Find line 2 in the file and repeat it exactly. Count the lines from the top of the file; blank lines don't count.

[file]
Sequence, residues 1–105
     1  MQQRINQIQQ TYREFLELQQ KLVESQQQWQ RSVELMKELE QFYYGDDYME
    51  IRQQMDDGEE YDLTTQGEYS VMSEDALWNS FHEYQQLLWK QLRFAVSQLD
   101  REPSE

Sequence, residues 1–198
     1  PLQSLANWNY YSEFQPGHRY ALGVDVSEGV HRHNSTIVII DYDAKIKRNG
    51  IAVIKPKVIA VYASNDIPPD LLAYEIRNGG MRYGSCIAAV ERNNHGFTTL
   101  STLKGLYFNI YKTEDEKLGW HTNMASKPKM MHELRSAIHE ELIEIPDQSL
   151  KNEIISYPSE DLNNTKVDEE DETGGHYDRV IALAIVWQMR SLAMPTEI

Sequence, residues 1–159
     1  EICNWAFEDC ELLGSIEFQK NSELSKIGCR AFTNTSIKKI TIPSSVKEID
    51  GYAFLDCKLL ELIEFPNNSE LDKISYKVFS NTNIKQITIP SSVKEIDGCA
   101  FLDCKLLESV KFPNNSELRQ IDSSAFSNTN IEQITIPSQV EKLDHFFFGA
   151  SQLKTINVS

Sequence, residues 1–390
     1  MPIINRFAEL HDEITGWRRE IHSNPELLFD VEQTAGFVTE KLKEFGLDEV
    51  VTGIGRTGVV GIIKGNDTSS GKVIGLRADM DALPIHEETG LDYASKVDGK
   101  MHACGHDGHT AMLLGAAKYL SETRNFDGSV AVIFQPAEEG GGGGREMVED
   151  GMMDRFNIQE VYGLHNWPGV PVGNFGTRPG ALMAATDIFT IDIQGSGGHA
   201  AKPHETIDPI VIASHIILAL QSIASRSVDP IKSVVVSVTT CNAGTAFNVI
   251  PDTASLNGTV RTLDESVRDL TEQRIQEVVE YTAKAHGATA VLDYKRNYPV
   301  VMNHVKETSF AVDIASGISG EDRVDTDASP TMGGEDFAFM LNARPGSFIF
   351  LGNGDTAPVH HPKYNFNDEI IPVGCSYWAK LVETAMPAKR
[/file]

     1  MQQRINQIQQ TYREFLELQQ KLVESQQQWQ RSVELMKELE QFYYGDDYME